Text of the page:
The Best Australian Essays 2001
Black Inc, $29.95 pb, 594 pp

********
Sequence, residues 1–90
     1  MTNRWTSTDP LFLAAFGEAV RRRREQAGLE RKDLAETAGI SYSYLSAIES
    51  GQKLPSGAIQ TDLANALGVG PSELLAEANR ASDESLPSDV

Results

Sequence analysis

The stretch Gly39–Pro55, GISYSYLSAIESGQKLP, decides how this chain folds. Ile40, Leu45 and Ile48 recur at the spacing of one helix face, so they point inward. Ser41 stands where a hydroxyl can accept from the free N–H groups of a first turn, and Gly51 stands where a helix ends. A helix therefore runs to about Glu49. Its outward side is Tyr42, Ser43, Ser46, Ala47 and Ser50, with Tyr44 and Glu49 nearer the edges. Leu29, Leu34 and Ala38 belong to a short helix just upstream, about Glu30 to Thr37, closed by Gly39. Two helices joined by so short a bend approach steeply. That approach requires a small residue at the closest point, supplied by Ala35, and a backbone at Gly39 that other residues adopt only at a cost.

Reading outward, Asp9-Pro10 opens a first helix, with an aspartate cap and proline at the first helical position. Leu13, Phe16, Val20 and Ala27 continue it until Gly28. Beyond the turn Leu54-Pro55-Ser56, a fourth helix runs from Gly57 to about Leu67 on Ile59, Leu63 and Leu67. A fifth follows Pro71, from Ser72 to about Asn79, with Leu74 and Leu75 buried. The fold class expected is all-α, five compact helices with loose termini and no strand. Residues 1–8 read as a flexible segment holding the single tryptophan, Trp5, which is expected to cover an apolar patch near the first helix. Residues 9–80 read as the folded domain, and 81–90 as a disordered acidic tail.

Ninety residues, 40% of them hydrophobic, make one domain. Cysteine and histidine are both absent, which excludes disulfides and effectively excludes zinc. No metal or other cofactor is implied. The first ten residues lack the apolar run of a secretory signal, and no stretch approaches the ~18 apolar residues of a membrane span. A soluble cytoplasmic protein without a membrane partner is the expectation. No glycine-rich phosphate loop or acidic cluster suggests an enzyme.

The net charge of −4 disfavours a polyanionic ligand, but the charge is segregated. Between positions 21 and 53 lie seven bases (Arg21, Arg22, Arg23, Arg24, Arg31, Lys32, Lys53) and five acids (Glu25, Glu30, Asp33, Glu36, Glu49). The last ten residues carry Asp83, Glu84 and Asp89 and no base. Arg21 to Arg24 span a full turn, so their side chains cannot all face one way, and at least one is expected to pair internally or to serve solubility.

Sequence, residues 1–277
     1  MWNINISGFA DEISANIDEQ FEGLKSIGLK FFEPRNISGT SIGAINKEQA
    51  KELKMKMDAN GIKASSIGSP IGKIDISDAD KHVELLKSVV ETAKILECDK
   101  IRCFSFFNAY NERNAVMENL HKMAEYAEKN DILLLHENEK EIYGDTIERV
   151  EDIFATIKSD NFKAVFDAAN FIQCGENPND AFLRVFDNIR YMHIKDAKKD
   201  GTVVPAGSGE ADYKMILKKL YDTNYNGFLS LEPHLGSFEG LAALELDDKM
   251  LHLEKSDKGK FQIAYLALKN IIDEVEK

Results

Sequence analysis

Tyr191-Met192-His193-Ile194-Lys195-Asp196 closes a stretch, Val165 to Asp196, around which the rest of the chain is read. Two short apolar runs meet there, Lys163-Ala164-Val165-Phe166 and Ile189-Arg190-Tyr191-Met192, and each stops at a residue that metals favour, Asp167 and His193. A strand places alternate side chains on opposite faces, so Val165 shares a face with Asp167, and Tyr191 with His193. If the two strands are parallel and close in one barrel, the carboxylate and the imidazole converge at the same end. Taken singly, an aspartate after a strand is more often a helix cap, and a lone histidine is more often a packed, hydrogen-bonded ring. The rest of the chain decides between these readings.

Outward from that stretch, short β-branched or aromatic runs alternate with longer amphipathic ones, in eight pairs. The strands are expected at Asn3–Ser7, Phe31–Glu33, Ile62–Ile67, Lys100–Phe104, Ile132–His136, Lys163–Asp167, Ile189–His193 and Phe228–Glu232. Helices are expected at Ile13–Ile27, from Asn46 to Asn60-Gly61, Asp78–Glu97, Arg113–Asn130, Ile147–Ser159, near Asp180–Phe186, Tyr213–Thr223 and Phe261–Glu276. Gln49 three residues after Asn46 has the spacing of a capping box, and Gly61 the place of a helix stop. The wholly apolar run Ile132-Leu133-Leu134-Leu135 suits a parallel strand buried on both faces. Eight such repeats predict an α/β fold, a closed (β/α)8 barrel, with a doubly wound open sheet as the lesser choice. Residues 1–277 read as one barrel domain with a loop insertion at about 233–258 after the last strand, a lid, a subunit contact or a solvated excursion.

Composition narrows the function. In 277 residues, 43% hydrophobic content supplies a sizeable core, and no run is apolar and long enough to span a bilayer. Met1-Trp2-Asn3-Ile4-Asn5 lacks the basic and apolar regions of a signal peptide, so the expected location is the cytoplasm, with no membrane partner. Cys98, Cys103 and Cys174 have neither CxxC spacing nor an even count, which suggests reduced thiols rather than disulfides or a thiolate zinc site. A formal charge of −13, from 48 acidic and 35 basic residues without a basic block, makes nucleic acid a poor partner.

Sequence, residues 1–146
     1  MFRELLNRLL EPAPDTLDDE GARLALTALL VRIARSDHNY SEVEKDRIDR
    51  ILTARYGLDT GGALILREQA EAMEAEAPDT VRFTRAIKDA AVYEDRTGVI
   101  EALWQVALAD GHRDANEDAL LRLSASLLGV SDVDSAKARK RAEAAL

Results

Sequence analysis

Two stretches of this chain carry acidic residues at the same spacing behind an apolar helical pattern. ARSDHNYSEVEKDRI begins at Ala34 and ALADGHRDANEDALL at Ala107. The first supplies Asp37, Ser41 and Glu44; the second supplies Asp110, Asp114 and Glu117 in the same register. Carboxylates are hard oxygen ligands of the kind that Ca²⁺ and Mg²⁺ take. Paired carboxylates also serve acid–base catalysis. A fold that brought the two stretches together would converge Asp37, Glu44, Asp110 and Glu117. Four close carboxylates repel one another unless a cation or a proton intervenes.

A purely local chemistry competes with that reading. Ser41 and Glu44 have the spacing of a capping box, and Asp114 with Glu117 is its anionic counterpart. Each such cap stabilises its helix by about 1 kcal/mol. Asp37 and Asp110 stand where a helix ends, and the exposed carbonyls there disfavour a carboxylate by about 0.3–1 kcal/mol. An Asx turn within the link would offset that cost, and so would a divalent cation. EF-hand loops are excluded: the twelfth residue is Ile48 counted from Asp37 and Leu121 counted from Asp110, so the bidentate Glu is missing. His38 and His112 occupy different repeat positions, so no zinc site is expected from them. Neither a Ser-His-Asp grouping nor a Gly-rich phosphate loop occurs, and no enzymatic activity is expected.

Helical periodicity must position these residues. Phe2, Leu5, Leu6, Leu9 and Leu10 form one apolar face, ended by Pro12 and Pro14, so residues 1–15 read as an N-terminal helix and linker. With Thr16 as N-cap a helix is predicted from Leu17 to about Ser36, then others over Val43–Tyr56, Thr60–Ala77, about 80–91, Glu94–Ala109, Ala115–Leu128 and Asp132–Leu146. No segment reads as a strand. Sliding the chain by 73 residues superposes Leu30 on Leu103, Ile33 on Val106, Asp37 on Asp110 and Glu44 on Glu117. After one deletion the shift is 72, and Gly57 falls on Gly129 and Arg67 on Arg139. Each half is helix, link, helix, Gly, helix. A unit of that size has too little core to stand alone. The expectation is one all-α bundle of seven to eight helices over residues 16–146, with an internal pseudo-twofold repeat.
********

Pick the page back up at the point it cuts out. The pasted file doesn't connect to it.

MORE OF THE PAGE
In the ‘Author’s Prologue’ to Book III of Gargantua and Pantagruel (trans. Urquhart, pub. 1693), Rabelais considers the plight of the philosopher Diogenes the Cynic at the siege of Corinth, who, prevented from action in the battle by dint of his occupation, retired towards a little hill or promontory, took his famous tub and ‘in great vehemency of spirit, did he turn it, veer it, wheel it, frisk it, jumble it, shuffle it … ’ and so on for some hundred further verbs, thus relieving tension generated by inaction. This is the philosopher who gave cheek to Alexander the Great, who in turn said: ‘If I were not Alexander, I should wish to be Diogenes.’ One can only relish Rabelais’s irony: he must perforce use words to draw attention to the simultaneous impotence and agency of words.